If you want your outdoor bench to last (and of course you do!), it is important to select wood types that possess a natural resistance to insects and weather, or, that are made decay and bug resistant by being impregnated with chemicals.
You can choose a wood that grows domestically in North America or you can use a tropical hardwood which grow in equatorial regions. Domestic woods predictably tend to be quite a bit less expensive than exotic woods and have wider availability.
Another choice for outdoor projects is pressure treated lumber, which has been impregnated with chemicals to make the wood moisture and insect resistant. There are good uses for pressure treated wood and it is likely the least expensive option but it may not be the best choice for outdoor furniture.
Listed below are the best naturally resistant types of wood to use when building outdoor benches, garden furniture, or any other outdoor structures.
- Bald Cypress (also called Southern Cypress): (native to southeastern US).
Commonly available in the southeastern U.S. Cypress is affordable in the Southeast but can be more expensive depending on your area. It is strong and has good insect and rot resistance. It is a tan to reddish color (lighter than Redwood). It has a tendency to warp if not dried properly but does not need to be pre-drilled.
- Cedar: (native to northwestern US and southwestern Canada).
Avoid sapwood or streaky surfaces which indicate weakness. Cedar is usually golden-brown which mellows to gray when left unfinished. Cedar is a soft wood and considered structurally weak. In general, Cedar costs about double the cost of pressure treated wood and approximately half of redwood and has very good resistance to moisture and fair resistance to bugs.
- Redwood: (native to west coast of US).
Deep red color indicates the much more durable heartwood–avoid the light colored sapwood. Redwood is relatively soft, use pre-drilled holes to prevent splitting. Redwood patinas to a silvery-gray color. To retain reddish color, use a penetrating clear wood finish or redwood stain. Redwood costs more the farther away from the West Coast of the U.S. you are. Generally costs about 4 times as much as pressure treated lumber.
- White Oak: (native to eastern North America).
Note that this is not the red oak you will find down at your local home improvement warehouse. You’ll need to go to a decent lumberyard to get this strong and hard wood that is very well-suited to furniture making, including outdoor furniture. Quarter sawn White Oak can be especially attractive. This wood is not as expensive as some other hardwoods and has good resistance to moisture and insects.
Many tropical woods are extremely bug and rot resistant. Teak (native to southern Asia), for example, is an extremely stable wood that is as strong as oak with an attractive grain and has excellent resistance to moisture and bugs, however, it has been extensively exploited for more than a century and is becoming less and less available.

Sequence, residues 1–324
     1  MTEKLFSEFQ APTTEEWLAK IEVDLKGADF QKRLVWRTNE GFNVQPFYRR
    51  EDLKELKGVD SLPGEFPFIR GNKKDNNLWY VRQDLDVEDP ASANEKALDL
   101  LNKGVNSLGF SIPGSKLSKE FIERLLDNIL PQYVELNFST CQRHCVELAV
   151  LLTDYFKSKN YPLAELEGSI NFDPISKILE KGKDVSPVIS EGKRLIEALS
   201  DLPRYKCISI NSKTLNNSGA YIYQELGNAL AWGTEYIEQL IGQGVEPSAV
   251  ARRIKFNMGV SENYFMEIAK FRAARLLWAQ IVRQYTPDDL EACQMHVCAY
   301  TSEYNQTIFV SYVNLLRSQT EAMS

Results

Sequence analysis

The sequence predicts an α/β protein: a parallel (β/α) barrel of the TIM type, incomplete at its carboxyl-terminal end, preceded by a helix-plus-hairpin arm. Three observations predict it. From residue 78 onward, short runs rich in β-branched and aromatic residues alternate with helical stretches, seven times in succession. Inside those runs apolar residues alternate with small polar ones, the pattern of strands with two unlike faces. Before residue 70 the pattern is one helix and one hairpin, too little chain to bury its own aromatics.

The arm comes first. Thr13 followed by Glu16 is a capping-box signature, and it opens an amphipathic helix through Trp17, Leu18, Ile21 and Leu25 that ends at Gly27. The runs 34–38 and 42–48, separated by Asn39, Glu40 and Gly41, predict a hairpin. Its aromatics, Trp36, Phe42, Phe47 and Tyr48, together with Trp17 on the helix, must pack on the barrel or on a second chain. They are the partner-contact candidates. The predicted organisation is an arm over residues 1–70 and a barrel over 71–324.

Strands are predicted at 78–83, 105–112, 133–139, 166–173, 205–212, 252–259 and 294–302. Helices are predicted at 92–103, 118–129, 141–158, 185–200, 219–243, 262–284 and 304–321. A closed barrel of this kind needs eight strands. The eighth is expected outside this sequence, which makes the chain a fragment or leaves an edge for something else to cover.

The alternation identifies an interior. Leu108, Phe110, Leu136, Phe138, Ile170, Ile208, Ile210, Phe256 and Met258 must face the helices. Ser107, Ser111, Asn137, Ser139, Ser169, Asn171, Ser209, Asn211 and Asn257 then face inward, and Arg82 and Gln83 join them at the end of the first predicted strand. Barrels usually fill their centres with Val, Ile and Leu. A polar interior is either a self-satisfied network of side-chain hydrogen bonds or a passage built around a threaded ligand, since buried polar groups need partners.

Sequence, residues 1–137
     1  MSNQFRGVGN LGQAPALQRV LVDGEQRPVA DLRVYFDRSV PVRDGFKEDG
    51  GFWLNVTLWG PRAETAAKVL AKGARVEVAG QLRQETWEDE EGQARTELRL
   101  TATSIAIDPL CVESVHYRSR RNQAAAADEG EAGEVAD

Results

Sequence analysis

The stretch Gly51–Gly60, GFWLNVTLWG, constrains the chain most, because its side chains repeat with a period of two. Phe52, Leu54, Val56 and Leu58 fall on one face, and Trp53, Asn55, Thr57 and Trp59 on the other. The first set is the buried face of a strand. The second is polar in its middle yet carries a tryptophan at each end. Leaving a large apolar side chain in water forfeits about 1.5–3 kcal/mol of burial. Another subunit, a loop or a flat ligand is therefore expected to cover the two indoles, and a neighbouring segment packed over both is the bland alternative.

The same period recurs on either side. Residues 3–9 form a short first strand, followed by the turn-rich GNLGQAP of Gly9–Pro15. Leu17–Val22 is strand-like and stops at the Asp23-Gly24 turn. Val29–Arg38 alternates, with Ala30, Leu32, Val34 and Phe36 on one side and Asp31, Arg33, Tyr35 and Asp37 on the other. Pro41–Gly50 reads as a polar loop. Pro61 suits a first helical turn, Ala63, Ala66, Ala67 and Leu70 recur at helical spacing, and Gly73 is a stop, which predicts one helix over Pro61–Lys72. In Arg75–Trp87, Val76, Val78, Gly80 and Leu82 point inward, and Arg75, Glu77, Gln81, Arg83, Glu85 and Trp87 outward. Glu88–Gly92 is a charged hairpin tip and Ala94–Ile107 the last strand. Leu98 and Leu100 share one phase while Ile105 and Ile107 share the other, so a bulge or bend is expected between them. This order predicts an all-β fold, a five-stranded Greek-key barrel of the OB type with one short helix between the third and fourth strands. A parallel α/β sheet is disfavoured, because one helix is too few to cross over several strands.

Some tropical hardwoods, such as Ipe (also known as Ironwood or Pau Lope) is 2x as strong as oak and even more durable than cedar or redwood. (Ipe can cause respiratory or dermitatis reactions, wear a mask when working with it). They can last as long as 40 years. On the other hand, these woods are typically, very expensive and have limited availability. They tend to be quite hard and require predrilling.
It is also important to consider whether a particular wood species is being harvested in a responsible and sustainable manner. This is especially true for tropical hardwoods, many of which are from endangered rainforests. Look for FSC-certified wood or find out more by going to the Forest Certification Resource Center’s.
Other woods that have a natural resistance to rot and insects include: Arizona Cypress, Catalpa, Black Cherry, Chestnut, Juniper, Black Locust, Mesquite, Red Mulberry, Osage-orange, Sassafras, Black Walnut, Pacific Yew.
To prolong the life of your outdoor furniture, don’t ever leave it in direct contact with the ground and try to keep it out of direct sunlight. Most decay resistant woods should be treated with a penetrating finish (enamel paint, stain, or sealer) to prolong their lives.
California Redwood Association, http://www.calredwood.org/index.htm
Forest Stewardship Counsel, http://www.fscus.org/faqs/fsc_products.php?link=4
NAHB, Wood Exposed Outdoors, http://www.toolbase.org/Building-Systems/Landscaping/wood-exposed-outdoors
University of Minnesota, Selecting Wood for Outdoor Structures, http://www.sustland.umn.edu/implement/selecting_wood.html
Western Red Cedar Lumber Association, http://www.wrcla.org/index.htm